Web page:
int array[1000];                  // C syntax
array ="int[1000]")      # CFFI 1st equivalent
array ="int[]", 1000)    # CFFI 2nd equivalent

This is useful if the length is not actually a constant, to avoid doing things like"int[%d]"%x). Indeed, this is not recommended: ffi normally caches the string "int[]" to not need to re-parse it all the time.

Variadic function calls

Variadic functions in C (which end with "..." as their last argument) can be declared and called normally, with the exception that all the arguments passed in the variable part must be cdata objects, or possibly None for NULL. This is because it would not be possible to guess, if you wrote this:

C.printf("hello, %d\n", 42)

that you really meant the 42 to be passed as a C int, and not a long or long long. The same issue occurs with float versus double. So you have to force cdata objects of the C type you want, if necessary with ffi.cast():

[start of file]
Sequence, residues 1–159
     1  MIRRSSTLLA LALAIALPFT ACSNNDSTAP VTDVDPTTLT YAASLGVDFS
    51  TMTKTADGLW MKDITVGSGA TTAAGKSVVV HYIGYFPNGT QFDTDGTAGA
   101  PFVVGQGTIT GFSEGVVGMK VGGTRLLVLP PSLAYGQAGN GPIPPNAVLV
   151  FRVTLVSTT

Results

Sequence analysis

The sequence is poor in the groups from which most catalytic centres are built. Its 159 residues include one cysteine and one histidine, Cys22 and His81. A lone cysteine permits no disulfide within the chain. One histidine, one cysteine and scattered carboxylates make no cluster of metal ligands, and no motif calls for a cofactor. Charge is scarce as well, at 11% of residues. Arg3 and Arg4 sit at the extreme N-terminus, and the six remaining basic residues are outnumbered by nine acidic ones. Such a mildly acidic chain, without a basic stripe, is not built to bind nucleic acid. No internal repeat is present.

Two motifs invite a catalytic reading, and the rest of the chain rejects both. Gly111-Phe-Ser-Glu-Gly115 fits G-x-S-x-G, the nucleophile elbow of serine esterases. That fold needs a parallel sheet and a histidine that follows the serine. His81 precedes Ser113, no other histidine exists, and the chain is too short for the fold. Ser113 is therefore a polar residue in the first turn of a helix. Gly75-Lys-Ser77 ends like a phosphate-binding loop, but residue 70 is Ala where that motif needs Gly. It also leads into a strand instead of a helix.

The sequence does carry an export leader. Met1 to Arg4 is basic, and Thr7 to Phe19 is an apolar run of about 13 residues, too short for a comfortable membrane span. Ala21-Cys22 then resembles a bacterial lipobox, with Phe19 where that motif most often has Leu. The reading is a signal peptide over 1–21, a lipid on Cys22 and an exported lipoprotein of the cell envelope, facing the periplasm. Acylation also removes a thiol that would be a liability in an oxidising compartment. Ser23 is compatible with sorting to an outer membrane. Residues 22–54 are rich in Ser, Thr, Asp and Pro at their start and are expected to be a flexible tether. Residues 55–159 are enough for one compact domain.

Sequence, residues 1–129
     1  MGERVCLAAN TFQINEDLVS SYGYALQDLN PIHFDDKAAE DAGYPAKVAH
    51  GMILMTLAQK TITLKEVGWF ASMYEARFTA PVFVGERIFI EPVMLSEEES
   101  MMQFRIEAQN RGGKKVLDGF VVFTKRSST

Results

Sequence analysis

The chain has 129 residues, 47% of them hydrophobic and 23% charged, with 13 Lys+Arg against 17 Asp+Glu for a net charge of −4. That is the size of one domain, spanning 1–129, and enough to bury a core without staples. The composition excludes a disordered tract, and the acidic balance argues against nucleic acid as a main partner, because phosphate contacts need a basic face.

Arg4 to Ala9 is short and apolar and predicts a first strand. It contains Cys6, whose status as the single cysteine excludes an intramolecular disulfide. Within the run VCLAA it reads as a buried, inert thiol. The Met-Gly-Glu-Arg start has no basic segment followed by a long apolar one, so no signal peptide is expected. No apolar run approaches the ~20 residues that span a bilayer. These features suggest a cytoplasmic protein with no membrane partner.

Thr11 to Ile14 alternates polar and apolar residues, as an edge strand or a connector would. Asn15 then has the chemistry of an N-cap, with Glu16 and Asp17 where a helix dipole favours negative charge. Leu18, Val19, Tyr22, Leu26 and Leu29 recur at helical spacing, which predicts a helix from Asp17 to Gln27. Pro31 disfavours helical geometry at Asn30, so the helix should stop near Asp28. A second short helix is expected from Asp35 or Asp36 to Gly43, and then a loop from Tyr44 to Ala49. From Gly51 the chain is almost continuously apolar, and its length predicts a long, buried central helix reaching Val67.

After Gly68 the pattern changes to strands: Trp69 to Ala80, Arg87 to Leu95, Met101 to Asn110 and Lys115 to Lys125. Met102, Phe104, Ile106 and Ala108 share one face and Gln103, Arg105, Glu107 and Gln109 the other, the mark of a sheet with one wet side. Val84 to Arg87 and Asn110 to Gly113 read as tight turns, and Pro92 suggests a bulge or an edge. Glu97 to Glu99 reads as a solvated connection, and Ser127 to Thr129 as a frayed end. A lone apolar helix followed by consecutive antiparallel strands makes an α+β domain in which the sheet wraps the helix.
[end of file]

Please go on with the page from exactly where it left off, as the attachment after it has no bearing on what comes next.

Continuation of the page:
C.printf("hello, %d\n", ffi.cast("int", 42))
C.printf("hello, %ld\n", ffi.cast("long", 42))
C.printf("hello, %f\n", ffi.cast("double", 42))


C functions can also be viewed as cdata objects, and so can be passed as callbacks. To make new C callback objects that will invoke a Python function, you need to use:

>>> def myfunc(x, y):
...    return x + y
>>> ffi.callback("int(*)(int, int)", myfunc)
<cdata 'int(*)(int, int)' calling <function myfunc at 0xf757bbc4>>

Warning: like, ffi.callback() returns a cdata that has ownership of its C data. (In this case, the necessary C data contains the libffi data structures to do a callback.) This means that the callback can only be invoked as long as this cdata object is alive. If you store the function pointer into C code, then make sure you also keep this object alive for as long as the callback may be invoked. (If you want the callback to remain valid forever, store the object in a fresh global variable somewhere.)